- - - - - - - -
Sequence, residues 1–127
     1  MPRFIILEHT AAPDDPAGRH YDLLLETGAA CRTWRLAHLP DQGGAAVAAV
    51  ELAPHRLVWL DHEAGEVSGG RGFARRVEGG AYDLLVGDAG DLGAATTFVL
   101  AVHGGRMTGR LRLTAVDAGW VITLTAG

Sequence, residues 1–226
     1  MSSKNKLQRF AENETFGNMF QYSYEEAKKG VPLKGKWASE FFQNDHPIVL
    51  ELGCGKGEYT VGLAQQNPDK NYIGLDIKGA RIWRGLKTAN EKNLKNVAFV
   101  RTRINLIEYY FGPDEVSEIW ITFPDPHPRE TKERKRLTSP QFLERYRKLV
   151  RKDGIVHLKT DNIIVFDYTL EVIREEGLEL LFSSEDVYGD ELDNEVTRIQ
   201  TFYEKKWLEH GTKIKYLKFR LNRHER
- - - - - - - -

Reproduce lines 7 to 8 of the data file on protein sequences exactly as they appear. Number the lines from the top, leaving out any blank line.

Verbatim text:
    51  ELGCGKGEYT VGLAQQNPDK NYIGLDIKGA RIWRGLKTAN EKNLKNVAFV
   101  RTRINLIEYY FGPDEVSEIW ITFPDPHPRE TKERKRLTSP QFLERYRKLV